3 tips for designing user research for neurodivergent testers

Imagine conducting user testing that accidentally excludes 1 in 7 people - and what's worse, you don't even know you've done it.

Sadly this scenario is all too common, especially when it comes to neurodivergent individuals. In the pursuit of inclusivity, it's not just about finding and involving diverse participants in your research process, you also need to make sure your research methods cater to their unique needs.

As one of AbilityNet's user research experts, I delivered a talk at TechShare Pro 2023 about designing user research for neurodivergent users.

This is a quick summary of my top three tips - you can get a lot more insight by watching the full session below.

1. Likert Scales: More Than Just Numbersa questionnaire with several options from disagree to agree and a check box to indicate agreement with the question

Likert scales, commonly used in research surveys, often pose challenges for neurodivergent individuals.

Ambiguity surrounds the meaning behind each number, making it difficult for participants to provide accurate responses. To address this, consider labelling the Likert scale with clear descriptors for each number.

It's also a good idea to include an open-box option for further comments, allowing participants to express their experiences beyond the limitations of predefined choices.

2. Clear, Unambiguous, and Specific Language

The language used in research questions might seem clear to researchers, but it can be overly broad and ambiguous for participants.

The 'Double Empathy Problem' emphasises the miscommunications that arise when neurodivergent individuals interact with non-neurodivergent individuals. To overcome this, ensure questions are framed with clarity, avoiding vague prompts like "Tell me about yourself?" Instead, use precise language to prevent information overload or overwhelming responses.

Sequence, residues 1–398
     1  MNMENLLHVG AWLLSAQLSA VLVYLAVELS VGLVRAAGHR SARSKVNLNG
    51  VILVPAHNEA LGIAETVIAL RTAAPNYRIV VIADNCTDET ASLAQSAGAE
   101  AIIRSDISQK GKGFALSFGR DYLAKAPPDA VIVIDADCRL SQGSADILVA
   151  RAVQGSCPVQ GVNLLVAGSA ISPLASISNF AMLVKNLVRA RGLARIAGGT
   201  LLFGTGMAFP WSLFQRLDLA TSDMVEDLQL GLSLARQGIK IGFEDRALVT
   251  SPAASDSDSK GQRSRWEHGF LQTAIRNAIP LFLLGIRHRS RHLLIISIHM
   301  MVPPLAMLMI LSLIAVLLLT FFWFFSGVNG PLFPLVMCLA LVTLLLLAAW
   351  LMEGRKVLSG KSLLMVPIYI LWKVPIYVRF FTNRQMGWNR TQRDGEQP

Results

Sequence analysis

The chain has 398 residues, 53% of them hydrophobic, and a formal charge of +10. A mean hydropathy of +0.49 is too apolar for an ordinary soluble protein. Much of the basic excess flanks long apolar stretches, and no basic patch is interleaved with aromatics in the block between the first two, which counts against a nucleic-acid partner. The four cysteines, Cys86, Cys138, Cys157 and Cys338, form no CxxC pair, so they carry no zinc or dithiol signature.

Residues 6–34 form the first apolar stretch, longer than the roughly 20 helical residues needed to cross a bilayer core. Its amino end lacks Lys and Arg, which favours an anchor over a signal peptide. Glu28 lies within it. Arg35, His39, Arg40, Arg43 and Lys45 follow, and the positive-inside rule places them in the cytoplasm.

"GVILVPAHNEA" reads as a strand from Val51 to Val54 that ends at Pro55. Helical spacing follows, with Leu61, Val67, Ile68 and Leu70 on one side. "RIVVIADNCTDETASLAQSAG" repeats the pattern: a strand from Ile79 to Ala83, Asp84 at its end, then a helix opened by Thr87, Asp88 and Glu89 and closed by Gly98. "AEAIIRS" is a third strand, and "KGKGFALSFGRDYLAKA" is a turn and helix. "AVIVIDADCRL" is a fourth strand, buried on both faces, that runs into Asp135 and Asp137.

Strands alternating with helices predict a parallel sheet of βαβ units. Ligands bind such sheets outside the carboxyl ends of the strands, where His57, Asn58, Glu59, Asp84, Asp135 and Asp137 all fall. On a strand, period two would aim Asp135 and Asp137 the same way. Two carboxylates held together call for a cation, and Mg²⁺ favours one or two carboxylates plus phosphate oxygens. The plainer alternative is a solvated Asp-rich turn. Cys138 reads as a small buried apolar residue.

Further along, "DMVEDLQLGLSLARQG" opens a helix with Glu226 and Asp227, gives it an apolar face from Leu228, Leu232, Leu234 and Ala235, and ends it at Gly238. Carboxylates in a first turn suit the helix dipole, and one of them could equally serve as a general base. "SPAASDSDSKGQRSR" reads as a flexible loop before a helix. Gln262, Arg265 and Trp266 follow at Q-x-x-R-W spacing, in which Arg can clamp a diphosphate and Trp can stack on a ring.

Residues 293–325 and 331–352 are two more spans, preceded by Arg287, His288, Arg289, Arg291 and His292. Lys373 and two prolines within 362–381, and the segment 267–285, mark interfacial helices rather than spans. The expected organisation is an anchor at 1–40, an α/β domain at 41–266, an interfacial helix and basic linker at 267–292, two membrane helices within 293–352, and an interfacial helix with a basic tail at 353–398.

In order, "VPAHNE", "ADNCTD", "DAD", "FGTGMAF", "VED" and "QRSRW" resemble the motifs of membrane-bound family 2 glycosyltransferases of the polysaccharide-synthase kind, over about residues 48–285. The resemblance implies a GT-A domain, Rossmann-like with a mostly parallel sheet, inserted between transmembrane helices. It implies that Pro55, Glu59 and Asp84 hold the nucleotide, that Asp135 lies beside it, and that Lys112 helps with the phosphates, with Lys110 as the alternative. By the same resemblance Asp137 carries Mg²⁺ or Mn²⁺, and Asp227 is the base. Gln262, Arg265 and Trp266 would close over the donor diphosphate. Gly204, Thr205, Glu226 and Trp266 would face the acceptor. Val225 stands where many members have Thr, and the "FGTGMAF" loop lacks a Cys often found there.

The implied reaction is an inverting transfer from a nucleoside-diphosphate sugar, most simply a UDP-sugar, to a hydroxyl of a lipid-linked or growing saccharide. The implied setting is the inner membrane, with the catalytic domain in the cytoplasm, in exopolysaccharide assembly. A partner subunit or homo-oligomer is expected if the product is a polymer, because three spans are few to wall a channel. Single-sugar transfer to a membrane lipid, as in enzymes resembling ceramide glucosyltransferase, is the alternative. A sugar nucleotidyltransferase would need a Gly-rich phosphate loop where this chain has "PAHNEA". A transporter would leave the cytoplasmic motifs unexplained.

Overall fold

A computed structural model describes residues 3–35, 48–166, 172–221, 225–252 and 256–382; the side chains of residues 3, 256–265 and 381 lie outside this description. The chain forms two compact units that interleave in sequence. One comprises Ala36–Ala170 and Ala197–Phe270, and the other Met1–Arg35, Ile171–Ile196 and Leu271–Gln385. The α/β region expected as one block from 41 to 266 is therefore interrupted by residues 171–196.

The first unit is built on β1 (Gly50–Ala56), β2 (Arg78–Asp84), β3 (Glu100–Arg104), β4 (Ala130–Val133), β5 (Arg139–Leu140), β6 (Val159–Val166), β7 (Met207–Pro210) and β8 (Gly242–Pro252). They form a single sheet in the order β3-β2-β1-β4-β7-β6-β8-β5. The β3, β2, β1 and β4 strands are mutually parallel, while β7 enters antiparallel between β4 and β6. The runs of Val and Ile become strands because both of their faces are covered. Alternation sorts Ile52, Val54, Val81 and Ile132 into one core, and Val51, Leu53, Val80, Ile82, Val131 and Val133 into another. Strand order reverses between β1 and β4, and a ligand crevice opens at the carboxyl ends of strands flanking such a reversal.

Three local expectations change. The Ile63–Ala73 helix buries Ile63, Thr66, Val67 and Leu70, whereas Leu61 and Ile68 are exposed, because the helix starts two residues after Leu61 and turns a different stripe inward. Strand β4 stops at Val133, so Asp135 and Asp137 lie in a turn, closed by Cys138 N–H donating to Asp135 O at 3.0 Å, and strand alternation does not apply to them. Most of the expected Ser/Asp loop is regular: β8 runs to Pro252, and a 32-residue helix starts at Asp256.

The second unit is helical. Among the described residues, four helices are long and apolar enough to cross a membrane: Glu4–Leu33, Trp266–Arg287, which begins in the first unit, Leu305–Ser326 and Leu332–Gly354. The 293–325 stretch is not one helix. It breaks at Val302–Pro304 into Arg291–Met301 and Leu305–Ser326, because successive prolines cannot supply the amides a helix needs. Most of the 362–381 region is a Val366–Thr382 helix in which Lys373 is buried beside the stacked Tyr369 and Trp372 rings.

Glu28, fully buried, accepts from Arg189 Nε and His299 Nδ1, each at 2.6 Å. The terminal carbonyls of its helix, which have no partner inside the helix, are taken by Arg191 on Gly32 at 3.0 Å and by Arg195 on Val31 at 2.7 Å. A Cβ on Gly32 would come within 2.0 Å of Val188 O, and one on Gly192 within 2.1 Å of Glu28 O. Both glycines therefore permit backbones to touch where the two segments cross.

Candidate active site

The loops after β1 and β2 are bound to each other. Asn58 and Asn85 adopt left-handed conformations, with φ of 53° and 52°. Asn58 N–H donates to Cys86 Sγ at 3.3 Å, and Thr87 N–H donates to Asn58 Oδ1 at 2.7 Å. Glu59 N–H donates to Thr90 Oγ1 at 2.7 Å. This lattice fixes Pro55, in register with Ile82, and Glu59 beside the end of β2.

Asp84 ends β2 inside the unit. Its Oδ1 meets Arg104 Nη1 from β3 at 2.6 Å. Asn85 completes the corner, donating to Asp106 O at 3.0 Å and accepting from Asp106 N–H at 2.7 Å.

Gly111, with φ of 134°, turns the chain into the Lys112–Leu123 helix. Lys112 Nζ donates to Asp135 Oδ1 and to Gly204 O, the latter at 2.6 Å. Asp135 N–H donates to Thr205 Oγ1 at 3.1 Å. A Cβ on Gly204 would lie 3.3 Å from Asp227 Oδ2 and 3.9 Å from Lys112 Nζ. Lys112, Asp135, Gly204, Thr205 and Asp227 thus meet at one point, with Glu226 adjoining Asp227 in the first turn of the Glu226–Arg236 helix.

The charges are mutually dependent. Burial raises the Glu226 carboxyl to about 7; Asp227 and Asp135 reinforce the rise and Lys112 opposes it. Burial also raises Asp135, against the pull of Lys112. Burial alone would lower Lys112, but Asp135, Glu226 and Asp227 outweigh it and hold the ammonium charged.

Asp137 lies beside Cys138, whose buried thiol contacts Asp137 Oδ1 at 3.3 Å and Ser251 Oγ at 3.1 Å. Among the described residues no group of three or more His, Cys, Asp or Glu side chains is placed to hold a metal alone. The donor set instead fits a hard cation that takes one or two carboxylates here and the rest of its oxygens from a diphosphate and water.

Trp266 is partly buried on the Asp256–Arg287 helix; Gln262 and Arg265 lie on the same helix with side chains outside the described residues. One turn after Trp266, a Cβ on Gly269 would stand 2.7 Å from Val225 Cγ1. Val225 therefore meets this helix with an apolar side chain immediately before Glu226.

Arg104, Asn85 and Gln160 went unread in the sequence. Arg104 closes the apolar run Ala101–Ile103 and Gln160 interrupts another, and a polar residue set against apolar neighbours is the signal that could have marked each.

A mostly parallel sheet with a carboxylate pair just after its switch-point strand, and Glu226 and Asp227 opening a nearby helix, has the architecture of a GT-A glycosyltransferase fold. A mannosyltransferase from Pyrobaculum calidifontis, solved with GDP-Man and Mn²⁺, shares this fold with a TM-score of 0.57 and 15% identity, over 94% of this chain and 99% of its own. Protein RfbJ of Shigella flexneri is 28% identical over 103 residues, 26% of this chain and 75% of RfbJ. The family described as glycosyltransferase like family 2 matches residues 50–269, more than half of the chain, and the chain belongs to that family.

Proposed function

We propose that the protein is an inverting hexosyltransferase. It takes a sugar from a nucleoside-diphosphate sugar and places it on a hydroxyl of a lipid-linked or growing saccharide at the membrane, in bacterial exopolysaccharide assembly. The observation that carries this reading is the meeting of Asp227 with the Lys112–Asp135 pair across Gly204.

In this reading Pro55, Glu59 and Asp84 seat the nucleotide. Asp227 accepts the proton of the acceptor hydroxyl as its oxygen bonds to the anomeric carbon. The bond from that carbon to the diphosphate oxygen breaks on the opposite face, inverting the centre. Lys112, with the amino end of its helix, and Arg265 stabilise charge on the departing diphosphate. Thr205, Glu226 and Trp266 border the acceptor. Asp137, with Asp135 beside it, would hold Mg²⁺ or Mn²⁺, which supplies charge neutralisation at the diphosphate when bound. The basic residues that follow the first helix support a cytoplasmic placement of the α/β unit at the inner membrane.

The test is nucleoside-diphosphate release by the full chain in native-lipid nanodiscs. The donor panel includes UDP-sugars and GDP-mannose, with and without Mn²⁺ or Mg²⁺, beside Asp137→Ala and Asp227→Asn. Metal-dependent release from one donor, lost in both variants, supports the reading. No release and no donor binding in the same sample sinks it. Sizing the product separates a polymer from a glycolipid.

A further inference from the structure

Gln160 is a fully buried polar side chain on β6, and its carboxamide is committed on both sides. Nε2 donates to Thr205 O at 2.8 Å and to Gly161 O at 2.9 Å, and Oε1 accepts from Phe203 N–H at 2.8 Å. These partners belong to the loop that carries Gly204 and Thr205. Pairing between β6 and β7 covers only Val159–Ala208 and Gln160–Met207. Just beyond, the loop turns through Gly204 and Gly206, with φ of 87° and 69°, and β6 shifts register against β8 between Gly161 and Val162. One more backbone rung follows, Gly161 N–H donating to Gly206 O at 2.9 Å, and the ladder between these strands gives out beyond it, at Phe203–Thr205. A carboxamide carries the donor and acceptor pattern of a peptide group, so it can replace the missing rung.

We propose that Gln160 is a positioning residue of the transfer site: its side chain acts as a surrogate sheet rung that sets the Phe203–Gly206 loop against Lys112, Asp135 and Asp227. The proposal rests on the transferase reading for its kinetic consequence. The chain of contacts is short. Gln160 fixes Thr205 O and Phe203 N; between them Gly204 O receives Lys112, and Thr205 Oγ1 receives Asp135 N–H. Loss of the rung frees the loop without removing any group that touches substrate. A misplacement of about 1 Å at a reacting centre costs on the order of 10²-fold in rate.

3. Tools for Expression: Going Beyond Words

The condition of alexithymia, prevalent among neurodivergent individuals, makes it challenging to articulate emotions through language.Graphic of a person using a computer with a webpage displaying an 'x', tick and question mark

Traditional questions like "How are you feeling?" may not yield accurate responses.

You can overcome this by providing alternative mediums for communication, such as art or descriptions of mental images and physical sensations. Avoid limiting emotional expression to a predefined set of options - and make sure you allow participants the time they need to respond authentically.

Inclusive user testing for neurodivergent users

Inclusive user research isn't just about ticking boxes; it's about redefining your approach to gathering data.

By acknowledging the unique needs of neurodivergent individuals, you can create research practices that truly represent the diversity of experiences.

As you embark on your next research project, remember to provide context for Likert scales, use clear language, and offer diverse tools for expression. Only then can your research be genuinely inclusive, beneficial, and ultimately, better for your business.

If you're interested in putting disabled individuals at the heart of your project through User Research, explore AbilityNet’s User Research service. 

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Watch the full recording from TechShare Pro below.